There was so much going on when I visited Guatamala in South America. Sights, sounds, smells, taste of food, potential danger of attack, unstable political system, that I didn't fully appreciate some of the processes that were involved in the stitching and weaving that I observed. I tried to read as much research that I could find before I left on the trip but it hasn't been until some time after I returned home and processed a lot of this information that I am appreciating my whole experience.
My problems with stitching with the 'silk' thread are an example of this. An embroiderer sits in the market stitching and customers bring their fabric to her to be stitched. The frame she uses is similar to ours but twists into place and is not joined. The needle she uses is really long, a bit like a long darner. (Maybe these things make the silk easier to handle.)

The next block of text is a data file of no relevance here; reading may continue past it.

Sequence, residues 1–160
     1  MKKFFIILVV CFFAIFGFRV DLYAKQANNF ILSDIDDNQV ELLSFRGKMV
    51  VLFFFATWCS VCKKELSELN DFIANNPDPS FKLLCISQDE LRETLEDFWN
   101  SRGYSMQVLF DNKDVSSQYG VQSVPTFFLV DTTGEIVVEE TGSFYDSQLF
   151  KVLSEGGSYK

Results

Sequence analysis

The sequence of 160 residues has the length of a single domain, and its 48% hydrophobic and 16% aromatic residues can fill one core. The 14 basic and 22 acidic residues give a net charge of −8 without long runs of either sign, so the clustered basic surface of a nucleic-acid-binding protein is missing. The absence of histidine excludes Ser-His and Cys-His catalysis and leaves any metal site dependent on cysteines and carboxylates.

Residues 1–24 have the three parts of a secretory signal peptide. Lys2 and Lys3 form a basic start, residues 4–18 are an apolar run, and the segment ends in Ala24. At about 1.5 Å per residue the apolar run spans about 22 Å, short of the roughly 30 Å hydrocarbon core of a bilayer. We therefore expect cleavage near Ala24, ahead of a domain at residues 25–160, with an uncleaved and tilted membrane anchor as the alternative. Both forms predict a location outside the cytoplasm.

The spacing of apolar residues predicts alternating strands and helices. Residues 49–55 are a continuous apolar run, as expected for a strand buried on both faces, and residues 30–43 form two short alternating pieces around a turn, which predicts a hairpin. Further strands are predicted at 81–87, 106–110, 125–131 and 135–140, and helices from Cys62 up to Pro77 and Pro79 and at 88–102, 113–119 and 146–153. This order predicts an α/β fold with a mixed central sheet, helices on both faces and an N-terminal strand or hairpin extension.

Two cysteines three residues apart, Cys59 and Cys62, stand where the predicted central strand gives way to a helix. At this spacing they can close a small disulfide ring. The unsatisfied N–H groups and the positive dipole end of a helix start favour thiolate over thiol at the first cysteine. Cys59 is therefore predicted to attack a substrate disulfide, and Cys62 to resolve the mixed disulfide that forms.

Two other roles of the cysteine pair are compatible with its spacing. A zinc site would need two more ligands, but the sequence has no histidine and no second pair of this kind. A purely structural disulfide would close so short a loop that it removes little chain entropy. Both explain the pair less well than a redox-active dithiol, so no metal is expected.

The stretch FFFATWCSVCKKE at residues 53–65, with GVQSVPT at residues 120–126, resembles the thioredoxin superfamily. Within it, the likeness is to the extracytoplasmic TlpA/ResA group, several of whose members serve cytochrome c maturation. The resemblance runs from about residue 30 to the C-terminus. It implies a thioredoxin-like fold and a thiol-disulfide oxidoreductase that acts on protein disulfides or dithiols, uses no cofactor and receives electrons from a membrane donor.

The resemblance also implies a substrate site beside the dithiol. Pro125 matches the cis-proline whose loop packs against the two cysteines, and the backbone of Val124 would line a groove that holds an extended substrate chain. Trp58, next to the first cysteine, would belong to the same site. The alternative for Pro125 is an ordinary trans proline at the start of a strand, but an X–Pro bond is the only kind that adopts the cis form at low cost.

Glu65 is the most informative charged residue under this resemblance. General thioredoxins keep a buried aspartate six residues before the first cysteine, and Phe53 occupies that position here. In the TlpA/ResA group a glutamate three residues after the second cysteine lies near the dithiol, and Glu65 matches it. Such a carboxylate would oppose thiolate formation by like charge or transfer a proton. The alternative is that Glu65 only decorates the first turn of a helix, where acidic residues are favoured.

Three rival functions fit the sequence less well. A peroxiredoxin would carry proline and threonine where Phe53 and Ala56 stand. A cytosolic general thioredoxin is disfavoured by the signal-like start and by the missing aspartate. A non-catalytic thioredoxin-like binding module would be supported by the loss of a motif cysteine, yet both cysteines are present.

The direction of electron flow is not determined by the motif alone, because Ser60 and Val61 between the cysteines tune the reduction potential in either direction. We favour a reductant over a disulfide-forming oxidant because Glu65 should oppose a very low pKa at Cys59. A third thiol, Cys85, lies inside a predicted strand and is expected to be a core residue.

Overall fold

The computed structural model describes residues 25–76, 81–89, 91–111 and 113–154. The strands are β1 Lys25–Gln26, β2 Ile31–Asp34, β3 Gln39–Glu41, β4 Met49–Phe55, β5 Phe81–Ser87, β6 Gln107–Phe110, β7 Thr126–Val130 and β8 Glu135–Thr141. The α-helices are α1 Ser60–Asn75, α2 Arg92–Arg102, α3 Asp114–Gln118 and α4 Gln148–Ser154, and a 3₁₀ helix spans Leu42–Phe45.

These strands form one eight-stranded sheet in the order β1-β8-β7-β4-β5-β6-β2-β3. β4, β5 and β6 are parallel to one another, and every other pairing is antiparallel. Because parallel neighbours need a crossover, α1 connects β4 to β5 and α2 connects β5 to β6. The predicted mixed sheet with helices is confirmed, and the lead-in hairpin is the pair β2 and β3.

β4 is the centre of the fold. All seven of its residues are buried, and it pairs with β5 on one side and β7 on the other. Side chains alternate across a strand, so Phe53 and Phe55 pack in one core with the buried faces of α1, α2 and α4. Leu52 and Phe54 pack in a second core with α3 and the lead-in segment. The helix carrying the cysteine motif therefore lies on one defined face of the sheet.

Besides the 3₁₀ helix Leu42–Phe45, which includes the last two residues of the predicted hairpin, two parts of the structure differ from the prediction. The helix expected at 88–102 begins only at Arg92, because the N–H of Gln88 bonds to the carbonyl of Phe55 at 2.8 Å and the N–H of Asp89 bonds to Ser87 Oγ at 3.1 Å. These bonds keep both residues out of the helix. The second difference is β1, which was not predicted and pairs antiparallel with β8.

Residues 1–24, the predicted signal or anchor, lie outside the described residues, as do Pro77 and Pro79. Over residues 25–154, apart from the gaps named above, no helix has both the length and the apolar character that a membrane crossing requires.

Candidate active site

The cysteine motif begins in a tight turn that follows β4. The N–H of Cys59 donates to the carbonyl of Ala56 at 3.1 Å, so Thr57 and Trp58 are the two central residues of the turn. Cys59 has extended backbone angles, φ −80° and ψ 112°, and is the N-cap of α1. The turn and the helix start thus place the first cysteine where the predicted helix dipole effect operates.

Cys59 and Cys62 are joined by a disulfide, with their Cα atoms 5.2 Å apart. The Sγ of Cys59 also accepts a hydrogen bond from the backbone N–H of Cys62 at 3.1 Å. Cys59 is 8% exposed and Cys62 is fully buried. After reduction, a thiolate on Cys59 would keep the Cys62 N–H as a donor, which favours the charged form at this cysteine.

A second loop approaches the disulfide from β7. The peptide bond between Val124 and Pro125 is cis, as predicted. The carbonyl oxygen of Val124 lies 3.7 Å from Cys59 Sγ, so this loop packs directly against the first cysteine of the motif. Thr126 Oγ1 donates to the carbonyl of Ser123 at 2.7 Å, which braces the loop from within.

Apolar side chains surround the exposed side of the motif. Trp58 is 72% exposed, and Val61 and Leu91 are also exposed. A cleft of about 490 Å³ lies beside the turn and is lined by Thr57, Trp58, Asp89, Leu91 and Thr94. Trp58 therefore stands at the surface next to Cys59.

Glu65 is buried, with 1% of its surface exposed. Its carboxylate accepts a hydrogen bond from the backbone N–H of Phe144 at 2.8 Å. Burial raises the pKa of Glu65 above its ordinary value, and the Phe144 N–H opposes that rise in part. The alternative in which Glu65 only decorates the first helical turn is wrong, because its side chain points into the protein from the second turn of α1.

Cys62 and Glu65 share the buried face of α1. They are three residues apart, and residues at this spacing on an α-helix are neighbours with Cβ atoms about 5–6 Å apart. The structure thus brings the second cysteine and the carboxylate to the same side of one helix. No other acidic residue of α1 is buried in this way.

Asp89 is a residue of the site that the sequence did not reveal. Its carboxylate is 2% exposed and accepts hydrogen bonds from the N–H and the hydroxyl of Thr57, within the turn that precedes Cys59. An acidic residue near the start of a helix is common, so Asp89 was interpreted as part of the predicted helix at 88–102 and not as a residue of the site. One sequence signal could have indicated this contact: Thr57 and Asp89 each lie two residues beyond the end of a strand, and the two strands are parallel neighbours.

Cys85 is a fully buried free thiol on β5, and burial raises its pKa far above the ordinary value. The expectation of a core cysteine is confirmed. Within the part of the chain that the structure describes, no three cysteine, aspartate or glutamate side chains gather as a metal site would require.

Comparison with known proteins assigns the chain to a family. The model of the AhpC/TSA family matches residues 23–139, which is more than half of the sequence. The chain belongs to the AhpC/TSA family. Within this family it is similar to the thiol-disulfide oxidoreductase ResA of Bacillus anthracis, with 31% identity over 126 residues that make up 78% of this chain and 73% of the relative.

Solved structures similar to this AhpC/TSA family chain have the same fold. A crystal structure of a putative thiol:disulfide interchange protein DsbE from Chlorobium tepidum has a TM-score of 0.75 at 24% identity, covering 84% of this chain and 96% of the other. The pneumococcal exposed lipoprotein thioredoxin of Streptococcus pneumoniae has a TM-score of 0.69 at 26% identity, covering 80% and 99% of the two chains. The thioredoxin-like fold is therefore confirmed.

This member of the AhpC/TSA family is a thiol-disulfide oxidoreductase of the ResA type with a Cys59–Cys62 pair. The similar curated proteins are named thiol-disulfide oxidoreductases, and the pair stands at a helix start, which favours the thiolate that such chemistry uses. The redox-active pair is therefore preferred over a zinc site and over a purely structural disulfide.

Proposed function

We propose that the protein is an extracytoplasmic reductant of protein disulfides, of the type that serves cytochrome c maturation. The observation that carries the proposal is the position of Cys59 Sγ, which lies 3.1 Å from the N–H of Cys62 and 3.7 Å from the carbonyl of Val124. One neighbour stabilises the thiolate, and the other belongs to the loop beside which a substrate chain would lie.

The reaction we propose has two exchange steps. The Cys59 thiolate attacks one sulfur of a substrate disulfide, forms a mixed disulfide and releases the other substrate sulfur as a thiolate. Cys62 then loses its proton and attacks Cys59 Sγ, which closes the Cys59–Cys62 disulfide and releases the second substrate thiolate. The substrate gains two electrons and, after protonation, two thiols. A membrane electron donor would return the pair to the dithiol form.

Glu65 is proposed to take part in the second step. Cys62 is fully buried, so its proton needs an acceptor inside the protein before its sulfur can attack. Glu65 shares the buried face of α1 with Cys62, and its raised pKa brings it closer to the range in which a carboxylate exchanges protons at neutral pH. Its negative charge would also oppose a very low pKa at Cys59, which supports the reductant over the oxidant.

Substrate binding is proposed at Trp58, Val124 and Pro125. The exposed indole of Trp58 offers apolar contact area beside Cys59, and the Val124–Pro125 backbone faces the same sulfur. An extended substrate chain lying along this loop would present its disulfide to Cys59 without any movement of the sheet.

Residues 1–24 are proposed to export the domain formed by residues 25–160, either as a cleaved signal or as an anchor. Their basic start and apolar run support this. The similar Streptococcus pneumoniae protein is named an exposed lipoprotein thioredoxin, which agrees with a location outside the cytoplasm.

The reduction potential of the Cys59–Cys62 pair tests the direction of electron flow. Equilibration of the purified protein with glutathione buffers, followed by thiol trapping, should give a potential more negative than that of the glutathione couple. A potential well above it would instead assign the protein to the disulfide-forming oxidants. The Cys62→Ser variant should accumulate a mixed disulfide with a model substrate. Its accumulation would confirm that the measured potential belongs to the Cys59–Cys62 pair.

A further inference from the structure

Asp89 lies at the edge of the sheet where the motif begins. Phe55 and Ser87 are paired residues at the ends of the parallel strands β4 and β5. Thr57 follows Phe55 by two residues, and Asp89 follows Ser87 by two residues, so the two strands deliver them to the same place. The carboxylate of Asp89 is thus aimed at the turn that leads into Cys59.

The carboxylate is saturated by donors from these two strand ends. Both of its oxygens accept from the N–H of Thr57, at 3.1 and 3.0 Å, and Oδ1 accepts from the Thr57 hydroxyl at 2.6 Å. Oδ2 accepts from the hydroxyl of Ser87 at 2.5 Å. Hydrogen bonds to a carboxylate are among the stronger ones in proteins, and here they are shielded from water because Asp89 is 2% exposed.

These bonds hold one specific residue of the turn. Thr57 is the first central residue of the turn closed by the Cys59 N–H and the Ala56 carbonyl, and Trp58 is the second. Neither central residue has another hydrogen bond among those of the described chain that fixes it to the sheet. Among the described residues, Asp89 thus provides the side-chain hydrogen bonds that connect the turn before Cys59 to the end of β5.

The fabric is woven on a back-strap loom and the decorative stitching patterns, that denote each clan group, join this fabric together. When I look at this photo I took of an embroiderer I realise that she is using the 'silk' thread I have been using but this time it is on a spool and she is having non of the problems that I experienced. Why? when I zoom in I can see that it is a flat silk without a twist, so it must come down to experience or something has been done to that thread or maybe the needle or frame? (This was taken at the Solola markets.)
The patterns that join the fabrics are evolving into more elaborate designs created by each embroiderer and this is a skill that is sort after by other Mayans. It has nothing to do with the tourist market. I was taken by the grace and charm of this woman. She had taken so much care with her personal appearance, the dressing of her hair was a work of art. As a fellow embroiderer I could appreciate the skill she had in her use of her needle. Change her hair and clothing and she could have been another stitcher at the Guild.